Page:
Is Your Email Marketing Breaking the Law?
Your business likely uses email blasts in your marketing campaigns. Many small businesses start out their email marketing campaigns by researching and studying what other marketing professionals have done. However, what you might not know is that there is a law that regulates your use of email marketing – the Can-Spam Act. Anyone who uses email marketing for their business should read the Can-Spam Act to better understand it.
Risks of Non-Compliance
Most of the points are pretty straightforward. As the name would suggest, the law is geared so that consumers aren’t bombarded with misleading spam, which isn’t what you want to do to increase business anyway. Complying with the Can-Spam Act isn’t just a better way to do business. Companies that violate the law can be fined up to $16,000.00, so it’s not a mistake you want to make. The high price isn’t just related to fines. Non compliance can also erode a business’ reputation and sales effectiveness. If you follow the 5 tips below, you’ll be on your way to complying with the law as well as helping you craft better email campaigns that your customers will trust.
5 Tips for Can-Spam Act Email Compliance
- Use Identifiable Return Addresses. Your email address should never be cloaked when sending out email campaigns. If you’re using a forwarding feature, always make certain that the return address is identifiable to the recipient as your business or website. Our email inboxes are bombarded with email; we’ve become suspicious of anything we don’t recognize. Don’t give your recipients a reason to label you as spam.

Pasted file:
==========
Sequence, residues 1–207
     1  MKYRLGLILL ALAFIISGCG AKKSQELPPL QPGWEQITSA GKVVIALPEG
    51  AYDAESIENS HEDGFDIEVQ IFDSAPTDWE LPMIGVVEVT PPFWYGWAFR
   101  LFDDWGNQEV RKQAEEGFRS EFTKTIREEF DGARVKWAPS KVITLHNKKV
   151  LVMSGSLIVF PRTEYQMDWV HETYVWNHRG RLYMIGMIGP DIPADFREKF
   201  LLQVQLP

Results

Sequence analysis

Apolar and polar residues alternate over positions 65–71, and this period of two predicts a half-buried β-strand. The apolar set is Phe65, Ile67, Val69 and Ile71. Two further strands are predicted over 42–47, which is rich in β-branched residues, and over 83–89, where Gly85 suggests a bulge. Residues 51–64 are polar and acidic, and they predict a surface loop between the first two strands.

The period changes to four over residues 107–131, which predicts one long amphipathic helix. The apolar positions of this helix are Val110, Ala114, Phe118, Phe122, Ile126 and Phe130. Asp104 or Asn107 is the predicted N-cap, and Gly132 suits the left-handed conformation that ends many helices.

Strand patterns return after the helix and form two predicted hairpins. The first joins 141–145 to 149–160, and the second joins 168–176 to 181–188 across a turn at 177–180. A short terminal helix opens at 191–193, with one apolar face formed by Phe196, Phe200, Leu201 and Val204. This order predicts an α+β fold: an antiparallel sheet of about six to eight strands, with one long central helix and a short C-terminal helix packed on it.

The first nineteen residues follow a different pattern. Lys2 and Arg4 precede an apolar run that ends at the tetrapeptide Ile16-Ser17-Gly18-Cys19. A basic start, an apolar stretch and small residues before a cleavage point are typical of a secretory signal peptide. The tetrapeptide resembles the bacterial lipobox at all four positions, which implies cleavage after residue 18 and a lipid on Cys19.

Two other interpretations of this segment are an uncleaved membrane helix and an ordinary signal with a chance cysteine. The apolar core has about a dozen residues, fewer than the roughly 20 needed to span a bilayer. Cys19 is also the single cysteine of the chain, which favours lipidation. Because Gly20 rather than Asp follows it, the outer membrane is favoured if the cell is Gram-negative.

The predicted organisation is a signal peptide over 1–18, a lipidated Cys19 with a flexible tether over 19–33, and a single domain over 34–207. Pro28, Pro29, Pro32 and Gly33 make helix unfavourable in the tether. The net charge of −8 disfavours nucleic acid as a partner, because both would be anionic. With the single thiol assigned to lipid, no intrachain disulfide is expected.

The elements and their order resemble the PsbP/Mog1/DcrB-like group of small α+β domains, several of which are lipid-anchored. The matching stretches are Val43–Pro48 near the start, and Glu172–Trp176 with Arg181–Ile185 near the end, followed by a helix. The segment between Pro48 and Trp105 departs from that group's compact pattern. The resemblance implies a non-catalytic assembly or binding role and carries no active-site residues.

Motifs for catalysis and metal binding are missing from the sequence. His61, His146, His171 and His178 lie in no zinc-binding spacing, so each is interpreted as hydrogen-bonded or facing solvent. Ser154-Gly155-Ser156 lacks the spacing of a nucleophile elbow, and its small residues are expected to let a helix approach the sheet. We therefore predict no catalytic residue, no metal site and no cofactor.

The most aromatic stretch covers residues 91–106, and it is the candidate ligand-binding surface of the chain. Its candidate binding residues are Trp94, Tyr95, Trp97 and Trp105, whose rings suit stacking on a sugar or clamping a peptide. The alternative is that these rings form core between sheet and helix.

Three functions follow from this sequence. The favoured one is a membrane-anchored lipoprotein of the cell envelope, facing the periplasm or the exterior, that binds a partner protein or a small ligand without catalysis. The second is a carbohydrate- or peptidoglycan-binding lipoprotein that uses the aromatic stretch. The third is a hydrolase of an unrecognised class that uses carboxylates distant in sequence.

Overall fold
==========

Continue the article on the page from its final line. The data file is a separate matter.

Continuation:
- Always Use Clear Subject Lines. It’s tempting to use misleading subject lines that might tempt the recipient into opening the email (and it is a trick that’s been used before, by spammers). Always use a clear subject line that will tell recipients what the email is about. If it’s misleading, it’s in violation of the Can-Spam Act but, more than that, it’s annoying to most of the people opening the email. They feel tricked and won’t trust you or your company.
- Offer An Opt Out. Your recipients should find a clear and easy way to opt out of your mailing list. The notice should be clear and easy to follow so that your recipients won’t be confused about how to get off of the mailing list. Hopefully you’re using a system like MailChimp or Constant Contact; these systems make it easy to add and manage opt-outs. By the way, you can also add your business’ personality to opt-out language. Use of humor and alerting recipients of the benefits (e.g., promotional alerts, exclusive discounts) they’ll lose if they unsubscribe.
- Include a Valid Address. Email marketing has to contain a valid mailing address, whether that’s the location of your business or a PO box your business is registered to.
- Monitor All Email Marketing Sent for Your Company. Hiring a company to do your email campaigns can free up a lot of time, but the responsibility for the message is still yours. Make sure any email sent on your behalf is in compliance. If you have someone in-house performing these tasks, make sure they stay on top of Can-Spam Act compliance as well as other regulations related to your industry.
Hopefully these 5 tips helped explain how to stay in compliance with the Can-Spam Act. Your customers and prospects will appreciate the message far more than cloaked addresses and misleading subject lines. If you’re looking for more information and training on email compliance, check out MailChimp’s knowledge base. They also offer video tutorials and checklists. Or, you can always give us a call. We can set up your email campaigns and newsletter templates for you.
Is your email marketing following the law?
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